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Lynn Police Dept - 300 Washington Street Lynn, Massachusetts 01902

Body Worn Camera Policy


The purpose of this policy is to establish guidelines for the proper use, management, storage, and retrieval of video and audio data recorded by Body Worn Cameras (BWCs). BWCs are effective law enforcement tools that reinforce the public’s perception of police professionalism and preserve factual representations of officer-civilian interactions. BWCs may be useful in documenting crime and accident scenes, or other events that include the confiscation and documentation of incidental evidence or contraband. The equipment will enhance the Department’s ability to document and review statements and events during the course of an incident, preserve video footage, audio information and evidence for investigative and prosecutorial purposes. BWC recordings, however, provide limited perspective of encounters or incidents and must be considered with all other available evidence, such as witness statements, officer interviews, forensic analysis and documentary evidence.  Additionally, studies have shown that BWCs are a contributing factor in reducing complaints against police officers, increasing police accountability, and enhancing public trust. 

 It is the policy of the Department to respect the legitimate privacy interests of all persons while ensuring professionalism in its workforce. Officers shall only use BWCs within the context of existing and applicable federal, state, and local laws, regulations, and Department rules and policies. The Department prohibits recording civilians based solely upon the civilian’s political or religious beliefs or upon the exercise of the civilian’s constitutional rights, including but not limited to freedom of speech, religious expression, and lawful petition and assembly. BWC footage shall not be reviewed to identify the presence of individual participants at such events who are not engaged in unlawful conduct.  BWCs will not include technological enhancements including, but not limited to, facial recognition or night-vision capabilities.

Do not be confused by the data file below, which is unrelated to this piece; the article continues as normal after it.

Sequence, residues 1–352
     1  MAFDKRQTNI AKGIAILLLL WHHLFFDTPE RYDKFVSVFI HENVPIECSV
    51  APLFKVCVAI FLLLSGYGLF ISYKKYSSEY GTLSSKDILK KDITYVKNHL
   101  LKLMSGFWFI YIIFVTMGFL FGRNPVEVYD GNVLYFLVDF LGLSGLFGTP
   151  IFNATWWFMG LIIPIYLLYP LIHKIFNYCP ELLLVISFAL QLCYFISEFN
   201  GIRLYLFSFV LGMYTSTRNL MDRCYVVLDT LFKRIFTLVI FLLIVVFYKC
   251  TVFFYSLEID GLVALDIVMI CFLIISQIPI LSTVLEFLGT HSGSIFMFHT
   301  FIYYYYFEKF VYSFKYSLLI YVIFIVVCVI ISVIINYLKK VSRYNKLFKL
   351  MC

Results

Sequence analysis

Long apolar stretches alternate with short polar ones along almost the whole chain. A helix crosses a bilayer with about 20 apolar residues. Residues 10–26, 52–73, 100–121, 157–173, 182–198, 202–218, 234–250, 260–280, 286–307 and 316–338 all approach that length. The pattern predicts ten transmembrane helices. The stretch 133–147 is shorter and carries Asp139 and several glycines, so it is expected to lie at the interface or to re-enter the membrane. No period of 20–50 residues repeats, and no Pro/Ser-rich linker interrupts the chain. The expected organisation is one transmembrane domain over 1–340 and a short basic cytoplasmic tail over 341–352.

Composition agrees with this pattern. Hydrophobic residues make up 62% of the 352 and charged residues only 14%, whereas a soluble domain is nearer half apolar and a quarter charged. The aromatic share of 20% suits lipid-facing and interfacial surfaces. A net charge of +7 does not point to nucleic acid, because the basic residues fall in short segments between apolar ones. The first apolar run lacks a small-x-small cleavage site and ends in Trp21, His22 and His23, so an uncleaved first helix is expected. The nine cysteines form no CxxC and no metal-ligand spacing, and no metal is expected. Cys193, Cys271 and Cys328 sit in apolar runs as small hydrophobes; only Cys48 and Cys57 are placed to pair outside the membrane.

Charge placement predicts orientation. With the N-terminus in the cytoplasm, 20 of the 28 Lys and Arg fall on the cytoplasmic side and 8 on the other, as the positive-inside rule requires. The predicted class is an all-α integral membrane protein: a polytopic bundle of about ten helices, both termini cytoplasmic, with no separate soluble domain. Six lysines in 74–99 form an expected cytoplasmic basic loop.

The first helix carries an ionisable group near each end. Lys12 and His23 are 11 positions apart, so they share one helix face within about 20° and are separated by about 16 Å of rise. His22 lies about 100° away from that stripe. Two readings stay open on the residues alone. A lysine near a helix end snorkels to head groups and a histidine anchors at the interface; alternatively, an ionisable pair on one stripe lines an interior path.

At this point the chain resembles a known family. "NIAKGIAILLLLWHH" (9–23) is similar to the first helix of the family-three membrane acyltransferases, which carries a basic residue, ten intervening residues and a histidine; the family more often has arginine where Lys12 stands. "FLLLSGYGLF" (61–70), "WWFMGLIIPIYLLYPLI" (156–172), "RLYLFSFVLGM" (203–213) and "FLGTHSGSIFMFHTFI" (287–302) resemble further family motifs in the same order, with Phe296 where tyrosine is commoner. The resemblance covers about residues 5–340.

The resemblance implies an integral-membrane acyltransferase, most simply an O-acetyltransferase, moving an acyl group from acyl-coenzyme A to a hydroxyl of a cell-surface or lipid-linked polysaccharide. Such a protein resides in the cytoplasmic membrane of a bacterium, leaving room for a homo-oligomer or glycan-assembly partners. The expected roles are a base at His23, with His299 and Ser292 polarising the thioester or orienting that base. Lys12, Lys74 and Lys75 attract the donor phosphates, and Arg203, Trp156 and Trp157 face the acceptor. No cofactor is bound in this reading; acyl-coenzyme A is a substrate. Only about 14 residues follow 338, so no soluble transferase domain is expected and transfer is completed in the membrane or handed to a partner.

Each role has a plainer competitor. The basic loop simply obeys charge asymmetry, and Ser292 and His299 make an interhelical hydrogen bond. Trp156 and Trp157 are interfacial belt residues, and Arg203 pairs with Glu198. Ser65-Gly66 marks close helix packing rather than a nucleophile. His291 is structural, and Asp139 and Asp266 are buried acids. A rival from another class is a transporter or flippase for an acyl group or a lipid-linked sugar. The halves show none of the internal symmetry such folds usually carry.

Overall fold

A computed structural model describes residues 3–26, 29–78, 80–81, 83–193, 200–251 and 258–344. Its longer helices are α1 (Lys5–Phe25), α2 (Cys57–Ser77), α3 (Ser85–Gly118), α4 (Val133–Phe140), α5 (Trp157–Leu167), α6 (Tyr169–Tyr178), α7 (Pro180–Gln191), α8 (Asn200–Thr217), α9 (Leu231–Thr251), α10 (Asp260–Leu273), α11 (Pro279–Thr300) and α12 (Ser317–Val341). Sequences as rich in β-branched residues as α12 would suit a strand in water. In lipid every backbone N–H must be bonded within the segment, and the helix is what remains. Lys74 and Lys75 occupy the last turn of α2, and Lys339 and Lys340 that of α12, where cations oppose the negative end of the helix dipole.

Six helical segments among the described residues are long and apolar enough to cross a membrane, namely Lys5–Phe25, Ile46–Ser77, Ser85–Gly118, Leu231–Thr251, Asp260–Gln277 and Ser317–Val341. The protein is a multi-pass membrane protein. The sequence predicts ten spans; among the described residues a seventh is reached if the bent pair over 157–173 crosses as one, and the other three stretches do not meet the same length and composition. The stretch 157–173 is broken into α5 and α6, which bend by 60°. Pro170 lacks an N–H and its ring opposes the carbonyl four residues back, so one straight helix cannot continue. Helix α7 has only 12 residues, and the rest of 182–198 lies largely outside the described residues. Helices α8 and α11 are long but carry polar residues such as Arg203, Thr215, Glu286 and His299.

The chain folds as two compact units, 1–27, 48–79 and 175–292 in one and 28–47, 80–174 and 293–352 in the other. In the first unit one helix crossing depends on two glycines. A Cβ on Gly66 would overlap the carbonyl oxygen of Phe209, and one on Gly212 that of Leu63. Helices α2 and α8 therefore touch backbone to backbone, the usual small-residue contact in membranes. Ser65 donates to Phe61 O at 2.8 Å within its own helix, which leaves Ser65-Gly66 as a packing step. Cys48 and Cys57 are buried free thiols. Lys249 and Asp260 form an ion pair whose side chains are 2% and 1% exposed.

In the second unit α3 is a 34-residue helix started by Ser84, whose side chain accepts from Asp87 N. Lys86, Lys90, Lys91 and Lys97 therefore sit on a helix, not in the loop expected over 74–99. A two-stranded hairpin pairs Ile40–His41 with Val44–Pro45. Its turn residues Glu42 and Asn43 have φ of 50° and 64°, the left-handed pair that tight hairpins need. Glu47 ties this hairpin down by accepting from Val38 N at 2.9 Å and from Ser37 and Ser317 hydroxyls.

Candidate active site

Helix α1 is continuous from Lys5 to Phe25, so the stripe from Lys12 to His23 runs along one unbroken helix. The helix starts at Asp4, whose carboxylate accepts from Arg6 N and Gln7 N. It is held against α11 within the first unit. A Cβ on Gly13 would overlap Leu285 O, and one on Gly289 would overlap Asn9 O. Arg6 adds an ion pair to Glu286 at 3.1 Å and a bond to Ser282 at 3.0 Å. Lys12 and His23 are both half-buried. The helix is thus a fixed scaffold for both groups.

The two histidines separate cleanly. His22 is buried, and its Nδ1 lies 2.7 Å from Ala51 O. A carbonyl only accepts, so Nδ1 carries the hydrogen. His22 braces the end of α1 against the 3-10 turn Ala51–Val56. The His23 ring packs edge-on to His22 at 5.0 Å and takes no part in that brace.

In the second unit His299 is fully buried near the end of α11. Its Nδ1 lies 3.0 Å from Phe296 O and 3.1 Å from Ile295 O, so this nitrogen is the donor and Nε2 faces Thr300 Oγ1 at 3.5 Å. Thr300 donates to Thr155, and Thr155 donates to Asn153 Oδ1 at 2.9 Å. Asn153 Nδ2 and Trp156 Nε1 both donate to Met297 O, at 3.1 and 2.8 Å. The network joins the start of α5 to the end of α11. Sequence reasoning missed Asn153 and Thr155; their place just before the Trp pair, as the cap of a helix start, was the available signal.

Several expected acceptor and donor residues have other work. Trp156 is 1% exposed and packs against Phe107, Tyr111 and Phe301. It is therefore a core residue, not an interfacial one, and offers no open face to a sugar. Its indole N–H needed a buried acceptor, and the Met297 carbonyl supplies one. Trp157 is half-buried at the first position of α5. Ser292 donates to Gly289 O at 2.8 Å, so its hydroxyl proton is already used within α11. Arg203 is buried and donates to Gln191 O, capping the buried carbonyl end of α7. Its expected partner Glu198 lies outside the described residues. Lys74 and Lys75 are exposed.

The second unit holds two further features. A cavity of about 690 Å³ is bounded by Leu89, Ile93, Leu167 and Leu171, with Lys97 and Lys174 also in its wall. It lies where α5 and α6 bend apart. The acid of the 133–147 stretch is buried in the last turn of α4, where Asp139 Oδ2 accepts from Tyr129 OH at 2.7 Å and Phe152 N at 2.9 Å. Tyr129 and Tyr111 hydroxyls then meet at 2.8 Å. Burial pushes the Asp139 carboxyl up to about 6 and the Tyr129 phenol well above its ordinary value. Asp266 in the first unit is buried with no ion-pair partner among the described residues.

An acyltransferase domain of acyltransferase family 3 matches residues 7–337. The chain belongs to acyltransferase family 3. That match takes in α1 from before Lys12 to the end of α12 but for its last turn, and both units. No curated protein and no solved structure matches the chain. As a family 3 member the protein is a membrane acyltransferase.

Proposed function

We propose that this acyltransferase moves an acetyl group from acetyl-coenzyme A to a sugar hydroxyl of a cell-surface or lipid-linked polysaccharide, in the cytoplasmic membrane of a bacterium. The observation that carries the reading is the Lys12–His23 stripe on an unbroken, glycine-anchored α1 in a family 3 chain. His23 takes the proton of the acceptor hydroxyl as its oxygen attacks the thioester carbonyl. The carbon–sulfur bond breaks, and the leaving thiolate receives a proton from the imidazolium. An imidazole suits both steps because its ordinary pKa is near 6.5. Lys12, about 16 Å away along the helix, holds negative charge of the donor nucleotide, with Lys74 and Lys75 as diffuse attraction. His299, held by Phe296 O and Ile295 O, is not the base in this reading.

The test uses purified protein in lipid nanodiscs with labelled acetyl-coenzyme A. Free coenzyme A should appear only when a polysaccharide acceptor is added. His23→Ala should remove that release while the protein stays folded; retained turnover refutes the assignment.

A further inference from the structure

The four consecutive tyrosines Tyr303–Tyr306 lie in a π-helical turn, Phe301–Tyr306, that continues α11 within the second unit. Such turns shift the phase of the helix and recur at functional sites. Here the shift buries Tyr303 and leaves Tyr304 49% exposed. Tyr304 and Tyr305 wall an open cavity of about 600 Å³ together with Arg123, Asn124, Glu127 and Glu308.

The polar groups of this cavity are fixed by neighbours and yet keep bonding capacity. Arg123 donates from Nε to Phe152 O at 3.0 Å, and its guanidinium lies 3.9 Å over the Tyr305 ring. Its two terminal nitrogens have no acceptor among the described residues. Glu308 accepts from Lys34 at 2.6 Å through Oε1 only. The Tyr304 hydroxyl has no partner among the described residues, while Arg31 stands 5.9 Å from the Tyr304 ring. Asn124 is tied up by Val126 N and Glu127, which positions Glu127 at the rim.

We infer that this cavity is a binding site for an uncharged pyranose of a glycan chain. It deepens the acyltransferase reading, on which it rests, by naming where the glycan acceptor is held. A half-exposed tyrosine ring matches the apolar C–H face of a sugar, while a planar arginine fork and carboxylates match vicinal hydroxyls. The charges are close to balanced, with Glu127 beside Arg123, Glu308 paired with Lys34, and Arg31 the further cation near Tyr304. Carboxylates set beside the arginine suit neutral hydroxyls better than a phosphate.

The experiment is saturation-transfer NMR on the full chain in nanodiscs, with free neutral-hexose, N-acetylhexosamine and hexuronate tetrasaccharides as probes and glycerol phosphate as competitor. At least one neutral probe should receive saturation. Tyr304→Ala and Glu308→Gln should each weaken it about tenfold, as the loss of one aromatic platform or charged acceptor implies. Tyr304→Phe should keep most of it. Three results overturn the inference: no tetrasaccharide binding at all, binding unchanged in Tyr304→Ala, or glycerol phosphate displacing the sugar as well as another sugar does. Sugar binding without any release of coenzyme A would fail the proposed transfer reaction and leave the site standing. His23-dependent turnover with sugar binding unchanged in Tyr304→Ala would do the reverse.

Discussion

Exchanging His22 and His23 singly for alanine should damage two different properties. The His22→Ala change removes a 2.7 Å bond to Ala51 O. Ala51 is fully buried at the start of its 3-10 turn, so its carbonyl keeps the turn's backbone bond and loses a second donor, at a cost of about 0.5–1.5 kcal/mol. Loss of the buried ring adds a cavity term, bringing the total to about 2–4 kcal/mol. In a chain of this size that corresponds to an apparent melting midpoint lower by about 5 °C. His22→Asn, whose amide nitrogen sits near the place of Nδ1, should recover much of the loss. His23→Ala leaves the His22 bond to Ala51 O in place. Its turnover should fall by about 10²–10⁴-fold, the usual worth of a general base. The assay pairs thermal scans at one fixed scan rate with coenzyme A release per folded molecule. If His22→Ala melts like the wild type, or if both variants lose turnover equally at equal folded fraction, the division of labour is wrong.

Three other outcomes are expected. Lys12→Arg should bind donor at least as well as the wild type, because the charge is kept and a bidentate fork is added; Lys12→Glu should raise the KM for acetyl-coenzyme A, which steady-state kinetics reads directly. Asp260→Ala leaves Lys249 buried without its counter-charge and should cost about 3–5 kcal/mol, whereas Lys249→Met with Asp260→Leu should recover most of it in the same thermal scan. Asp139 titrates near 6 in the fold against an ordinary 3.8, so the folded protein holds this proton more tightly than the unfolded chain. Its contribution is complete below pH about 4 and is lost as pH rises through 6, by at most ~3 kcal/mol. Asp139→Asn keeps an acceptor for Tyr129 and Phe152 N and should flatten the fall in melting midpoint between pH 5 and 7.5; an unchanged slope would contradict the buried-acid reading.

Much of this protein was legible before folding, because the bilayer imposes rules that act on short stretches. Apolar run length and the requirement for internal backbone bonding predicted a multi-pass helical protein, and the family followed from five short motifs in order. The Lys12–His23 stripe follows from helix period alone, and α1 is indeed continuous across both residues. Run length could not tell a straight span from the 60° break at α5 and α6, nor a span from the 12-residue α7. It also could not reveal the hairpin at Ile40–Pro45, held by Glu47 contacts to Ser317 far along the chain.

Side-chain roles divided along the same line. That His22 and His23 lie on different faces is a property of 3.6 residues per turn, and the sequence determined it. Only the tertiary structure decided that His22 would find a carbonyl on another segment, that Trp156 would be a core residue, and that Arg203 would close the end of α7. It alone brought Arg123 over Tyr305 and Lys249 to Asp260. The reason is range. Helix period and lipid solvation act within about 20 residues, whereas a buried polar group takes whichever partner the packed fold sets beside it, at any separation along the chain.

When performing any patrol function, as determined by the Chief of Police, officers must wear and activate BWCs according to Department policy. 



Prior to being issued a BWC, officers shall successfully complete Department approved training related to this policy as well as the activation, use, categorization, and uploading of data. All department personnel who may supervise officers wearing BWCs or will require access to review videos shall also attend Department-approved training. 


Officers will activate the BWC only in conjunction with official law enforcement duties, where such use is appropriate to the proper performance of duties, and where the recordings are consistent with this policy and the law. As in all law enforcement and investigative activities, the safety of officers and members of the public are the highest priority. If an immediate threat to the officer’s life or safety makes BWC activation dangerous, then the officer shall activate the BWC at the first reasonable opportunity to do so. Once activated, the officer shall not deactivate the BWC until the encounter has fully concluded and/or the officer leaves the scene (see Section 2.8, BWC Deactivation). Officers shall record all contact with civilians in the following occurrences unless the decision to stop recording is made pursuant to Section 2.6 and 2.7: 

  1. Vehicle Stops 
  2. Investigative person stops: consensual or articulable reasonable suspicion stops, as well as FIOs, or stops supported by probable cause; 
  3. All dispatched calls for service involving contact with civilians; 
  4. Initial responses by patrol officers, including on-site detentions, investigations pursuant to an arrest, arrests, and initial suspect interviews on-scene; 
  5. Transport of prisoners; 
  6. Pat frisks and searches of persons incident to arrest (if not already activated); 
  7. Incidents of Emergency Driving; 
  8. Incidents of Pursuit Driving; 
  9. When an officer reasonably believes a crowd control incident may result in unlawful activity; 
  10. Any contact that becomes adversarial, including a Use of Force incident, when the officer has not already activated the BWC; or